Garlic has been used as a medicinal and culinary herb since ancient times and is a valuable cardiovascular tonic. Studies have shown again that history was correct in the evaluation of this herb over the centuries. The action of fresh or freeze-dried garlic can be beneficial in many ways. Investigations into garlic show that when it is taken on a regular basis it can help to lower cholesterol and blood pressure which can be responsible for strokes and diseases such as hardening and narrowing of the arteries, the known cause of dementia.

Garlic should be included in the daily diet, but if the smell is a problem look for a garlic supplement that has an enteric coating that allows the garlic to be ingested in the intestine and not the stomach resulting in all the advantages of the whole garlic herb without the smell.

Fish oil

A 12-month, randomised, double-blind, placebo-controlled study using concentrated fish oil supplementation was undertaken. The fish oil supplemented group showed significant improvement in short-term and working memory, immediate verbal memory and delayed recall capability. Also, after a 12-month follow-up the fish oil supplemented group had a significantly memory (Lee, L. et al. Docosahexaenoic acid-concentrated fish oil supplementation in subjects with mild cognitive impairment (MCI): a 12-month randomised, double-blind, placebo-controlled trial, Psychopharmacology August 2012)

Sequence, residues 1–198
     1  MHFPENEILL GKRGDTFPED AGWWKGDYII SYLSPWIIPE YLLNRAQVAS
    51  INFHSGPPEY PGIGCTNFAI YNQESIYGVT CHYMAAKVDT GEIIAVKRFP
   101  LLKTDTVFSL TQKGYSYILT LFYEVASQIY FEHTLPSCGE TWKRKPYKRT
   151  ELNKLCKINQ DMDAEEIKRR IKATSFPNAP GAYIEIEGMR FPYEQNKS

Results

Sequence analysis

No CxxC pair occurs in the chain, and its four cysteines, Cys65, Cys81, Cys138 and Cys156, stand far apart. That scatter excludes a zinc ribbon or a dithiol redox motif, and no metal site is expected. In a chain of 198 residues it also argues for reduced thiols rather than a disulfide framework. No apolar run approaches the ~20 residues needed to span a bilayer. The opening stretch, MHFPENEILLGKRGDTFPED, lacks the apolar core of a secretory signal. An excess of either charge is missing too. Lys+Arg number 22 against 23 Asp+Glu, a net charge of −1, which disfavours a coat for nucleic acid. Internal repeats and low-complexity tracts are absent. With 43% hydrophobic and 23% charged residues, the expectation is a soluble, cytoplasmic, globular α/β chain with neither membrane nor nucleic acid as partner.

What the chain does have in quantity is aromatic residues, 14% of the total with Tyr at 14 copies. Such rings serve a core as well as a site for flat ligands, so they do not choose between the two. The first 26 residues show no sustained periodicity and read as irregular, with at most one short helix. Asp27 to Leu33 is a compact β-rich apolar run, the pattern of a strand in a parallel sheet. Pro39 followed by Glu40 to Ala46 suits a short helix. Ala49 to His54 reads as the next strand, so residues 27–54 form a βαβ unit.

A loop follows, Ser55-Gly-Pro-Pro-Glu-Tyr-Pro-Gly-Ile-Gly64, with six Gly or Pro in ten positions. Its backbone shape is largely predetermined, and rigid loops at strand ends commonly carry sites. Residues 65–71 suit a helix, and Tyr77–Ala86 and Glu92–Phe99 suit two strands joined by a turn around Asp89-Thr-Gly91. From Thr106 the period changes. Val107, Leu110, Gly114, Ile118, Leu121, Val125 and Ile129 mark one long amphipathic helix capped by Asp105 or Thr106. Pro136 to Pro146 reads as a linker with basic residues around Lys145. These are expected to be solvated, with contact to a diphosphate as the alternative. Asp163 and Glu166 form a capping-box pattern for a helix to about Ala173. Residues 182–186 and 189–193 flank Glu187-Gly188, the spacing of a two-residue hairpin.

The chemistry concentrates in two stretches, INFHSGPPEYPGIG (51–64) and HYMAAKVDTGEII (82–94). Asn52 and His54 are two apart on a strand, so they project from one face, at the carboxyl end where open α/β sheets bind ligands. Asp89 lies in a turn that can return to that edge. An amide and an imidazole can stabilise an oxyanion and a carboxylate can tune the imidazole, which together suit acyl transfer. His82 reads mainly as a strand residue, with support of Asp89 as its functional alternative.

An increase in aluminium levels has been detected in the brain cells of patients who suffer Alzheimer’s disease; many researchers believe that aluminium could be a factor in relation to the cause of the disease.

Some of these studies question the use of aluminium based antacids and deodorants as these can cause elevated aluminium levels within the body. The herb slippery elm is very effective in relieving the symptoms of gastric reflux, heartburn and ulcer pain; symptoms that many people would seek to relieve by using aluminium-based antacids. There are also alternatives to aluminium-based deodorants that are available from health food stores; choose one of these instead.

Soy Lecithin

Phosphatidylserine, a chemical derived from soy lecithin may help alleviate age-related decline in memory, leaning and concentration.  Phosphatidylserine is the building block of cell membranes, and is most concentrated in the brain. As we age we produce less of this important brain chemical, therefore we may need to take it as a supplement in order to maintain correct levels. Keep active both mentally and physically; the mind needs exercise as well.

Prevention is always better than cure so remember it I s never too early to start.




1. Eat a well-balanced diet, high in fibre and low in animal fats.

2. Supplement with an antioxidant formula daily.

3. Include ginkgo plus garlic and ginseng in the daily diet.

4. Avoid the use of all aluminium products.

5. Keep active both mentally and physically; the mind needs exercise too. Remember it’s never too early to start; prevention is always better than cure.



Blackmores Brain Active                                   1 capsule daily

Ginkgo Forte 2000                                             1 tablet three times daily

Brahmi (Bacopa monnieri)                                2.4g (eq.To fresh plant) daily

Containing bacosides A 25mg

BIO ACE Excel Antioxidant Complex                1 tablet morning and night

Fish Oil 1000mg                                                   3 capsules daily

Folic acid                                                               500mcg daily

Vitamin D3                                                           1,000iu daily